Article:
In honor of Alice Savage‘s post on Middleweb on exploiting scripts and using role plays in the classroom, I dug up this draft article we worked on together for something or other. There’s some overlap in the two articles so it’s worth checking out both. What I really love about both is the variety of activities to do with plays and scripts. Sure, we can approach plays as literary works and teach communication skills with them. But we can also do grammar and vocabulary work with them. And so much more. Check out the post below and don’t forget to click over to Alice’s post on Middleweb as well.
Ways to Teach English with Plays in Middle School
When we chose plays to do with our students, we often think about the literary merits of the work. I was recently reading a message board thread on plays to use with eight graders and the suggestions were mostly literary gems, many of which I love dearly and remember from my school days: Our Town, The Diary of Ann Frank, The Crucible, The Taming of the Shrew, The Cherry Orchard.
What we forget sometimes is that plays are more than literary works of art. Unlike other forms of writing, plays are meant to be read out loud. So they are the art form most likely to imitate natural language that is used in real life. And as in real life, a play script that is written in natural language presents characters speak to achieve goals and they chose certain words and strategies based on those goals and their relationships with the other characters. In other words, they speak like real people in real life. ]
And so plays are a wonderful opportunity to practice making meaning through intonation, body language, word choice, and rhetorical strategies. Plays can reveal insights into the way speakers use fixed expressions, intonation, and gesture to convey feelings or wants, and to navigate relationships. And, importantly, producing a play can bring a motivating and much-needed sense of fun to the classroom. Producing a play, even in readers’ theatre format (with script in hand) also helps students loosen up and feel more confident “playing” with English and its many possible meanings.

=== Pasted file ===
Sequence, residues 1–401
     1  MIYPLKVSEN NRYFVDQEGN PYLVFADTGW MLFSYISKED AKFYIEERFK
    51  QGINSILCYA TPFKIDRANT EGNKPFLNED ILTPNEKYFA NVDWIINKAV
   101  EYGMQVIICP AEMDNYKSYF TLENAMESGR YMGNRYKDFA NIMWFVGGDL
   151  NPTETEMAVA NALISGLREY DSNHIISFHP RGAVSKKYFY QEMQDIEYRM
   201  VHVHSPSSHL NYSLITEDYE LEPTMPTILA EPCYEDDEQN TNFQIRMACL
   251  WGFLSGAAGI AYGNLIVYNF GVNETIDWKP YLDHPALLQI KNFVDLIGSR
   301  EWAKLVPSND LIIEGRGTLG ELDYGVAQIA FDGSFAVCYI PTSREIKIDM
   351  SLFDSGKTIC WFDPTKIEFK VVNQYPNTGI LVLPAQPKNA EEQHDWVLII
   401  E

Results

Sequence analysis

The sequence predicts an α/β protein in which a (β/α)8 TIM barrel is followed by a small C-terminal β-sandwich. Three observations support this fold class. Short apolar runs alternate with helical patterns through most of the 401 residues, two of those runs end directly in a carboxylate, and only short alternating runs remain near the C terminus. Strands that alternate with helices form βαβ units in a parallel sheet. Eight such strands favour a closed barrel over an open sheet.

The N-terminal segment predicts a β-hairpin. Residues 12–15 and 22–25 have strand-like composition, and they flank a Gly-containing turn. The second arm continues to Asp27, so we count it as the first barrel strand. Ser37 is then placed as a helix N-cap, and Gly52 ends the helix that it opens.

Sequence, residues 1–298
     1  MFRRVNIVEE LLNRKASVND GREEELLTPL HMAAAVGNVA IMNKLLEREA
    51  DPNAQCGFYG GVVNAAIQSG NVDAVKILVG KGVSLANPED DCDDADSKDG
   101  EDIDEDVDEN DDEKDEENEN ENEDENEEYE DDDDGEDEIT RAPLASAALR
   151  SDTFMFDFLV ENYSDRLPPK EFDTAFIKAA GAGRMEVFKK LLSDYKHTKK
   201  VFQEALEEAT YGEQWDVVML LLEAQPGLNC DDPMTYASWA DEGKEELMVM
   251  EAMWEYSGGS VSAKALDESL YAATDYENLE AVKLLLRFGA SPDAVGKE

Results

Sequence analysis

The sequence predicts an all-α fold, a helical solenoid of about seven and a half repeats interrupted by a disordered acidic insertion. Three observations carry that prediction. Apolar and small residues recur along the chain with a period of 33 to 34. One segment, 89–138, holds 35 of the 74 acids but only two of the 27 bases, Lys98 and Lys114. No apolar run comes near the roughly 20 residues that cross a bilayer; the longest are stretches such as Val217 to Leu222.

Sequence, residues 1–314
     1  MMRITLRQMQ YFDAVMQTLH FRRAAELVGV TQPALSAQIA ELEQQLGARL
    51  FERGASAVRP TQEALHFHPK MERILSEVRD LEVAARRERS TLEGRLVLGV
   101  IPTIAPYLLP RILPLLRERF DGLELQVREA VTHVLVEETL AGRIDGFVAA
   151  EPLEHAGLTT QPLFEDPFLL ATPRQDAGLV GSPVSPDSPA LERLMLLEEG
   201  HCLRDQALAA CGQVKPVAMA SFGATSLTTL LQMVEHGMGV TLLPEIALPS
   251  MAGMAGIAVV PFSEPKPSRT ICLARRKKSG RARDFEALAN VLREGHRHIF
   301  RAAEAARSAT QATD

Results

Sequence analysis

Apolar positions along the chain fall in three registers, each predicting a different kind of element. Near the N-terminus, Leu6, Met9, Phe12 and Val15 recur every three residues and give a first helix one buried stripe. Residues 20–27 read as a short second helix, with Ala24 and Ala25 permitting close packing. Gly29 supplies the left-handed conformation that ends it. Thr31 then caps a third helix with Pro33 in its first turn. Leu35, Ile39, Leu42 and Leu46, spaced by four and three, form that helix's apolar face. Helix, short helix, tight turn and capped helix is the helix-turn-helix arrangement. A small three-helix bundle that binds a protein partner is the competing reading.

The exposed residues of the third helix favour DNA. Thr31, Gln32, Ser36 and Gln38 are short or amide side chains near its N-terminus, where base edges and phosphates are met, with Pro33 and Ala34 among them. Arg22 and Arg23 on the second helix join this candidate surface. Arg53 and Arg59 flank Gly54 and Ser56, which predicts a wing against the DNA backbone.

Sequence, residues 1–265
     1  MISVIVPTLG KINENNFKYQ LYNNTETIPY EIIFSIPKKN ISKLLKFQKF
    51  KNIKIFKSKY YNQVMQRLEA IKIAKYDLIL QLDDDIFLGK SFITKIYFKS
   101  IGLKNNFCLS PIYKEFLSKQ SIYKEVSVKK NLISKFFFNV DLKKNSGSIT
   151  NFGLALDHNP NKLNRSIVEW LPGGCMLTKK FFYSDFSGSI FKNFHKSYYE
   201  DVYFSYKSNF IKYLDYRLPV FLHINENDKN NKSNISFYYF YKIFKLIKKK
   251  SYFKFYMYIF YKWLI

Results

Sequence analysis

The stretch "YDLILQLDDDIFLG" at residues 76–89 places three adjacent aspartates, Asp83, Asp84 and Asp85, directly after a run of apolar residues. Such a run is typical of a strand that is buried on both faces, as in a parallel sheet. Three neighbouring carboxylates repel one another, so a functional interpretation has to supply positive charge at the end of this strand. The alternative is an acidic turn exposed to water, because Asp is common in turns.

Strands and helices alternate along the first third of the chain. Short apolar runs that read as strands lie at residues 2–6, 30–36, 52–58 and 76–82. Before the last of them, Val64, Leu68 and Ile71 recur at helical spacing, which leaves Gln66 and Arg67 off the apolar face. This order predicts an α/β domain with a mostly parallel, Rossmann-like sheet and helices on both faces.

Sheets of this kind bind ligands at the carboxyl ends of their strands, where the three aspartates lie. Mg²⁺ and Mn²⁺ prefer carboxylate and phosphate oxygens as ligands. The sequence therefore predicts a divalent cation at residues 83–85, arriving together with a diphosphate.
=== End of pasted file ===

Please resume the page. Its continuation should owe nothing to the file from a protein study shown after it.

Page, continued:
So here are four ways to use the language in a play you are reading in class to teach communicative strategies. These are meant to supplement any activities down about the content of the play, which is also a valuable goal. And of course, feel free to pick and choose, adapt, and modify. This list is just a starting point.
SPEAK BODY LANGUAGE
Write a list of gestures that can reflect feelings on the board, such as:
- Folding your arms across your chest
- Slumping your shoulders
- Putting your hands on your hips
- Raising your eyebrows
- Filling your cheeks with air, then blowing the air out
- Covering your face with your hands
- Making your mouth into an O shape
You can also have students suggest gestures. Demonstrate these actions or have students demonstrate them.
Next, put pairs of students in small groups and have them take turns performing the gestures in poses. Then have the class discuss what emotion the pose communicates and where in the play you are working on they could use those gestures.
Extend the activity by having two students face each other and take turns gesturing and responding with a different gesture. For example, one student stands with hands on hips. The other slumps their shoulders. Or the first student shrugs and the second student raises their eyebrows. Students can improvise these gestures or base in on scenes from the play.
Have the rest of the class discuss what they think the students are communicating to each other with their gestures. This activity is a great way to make students become aware of body language.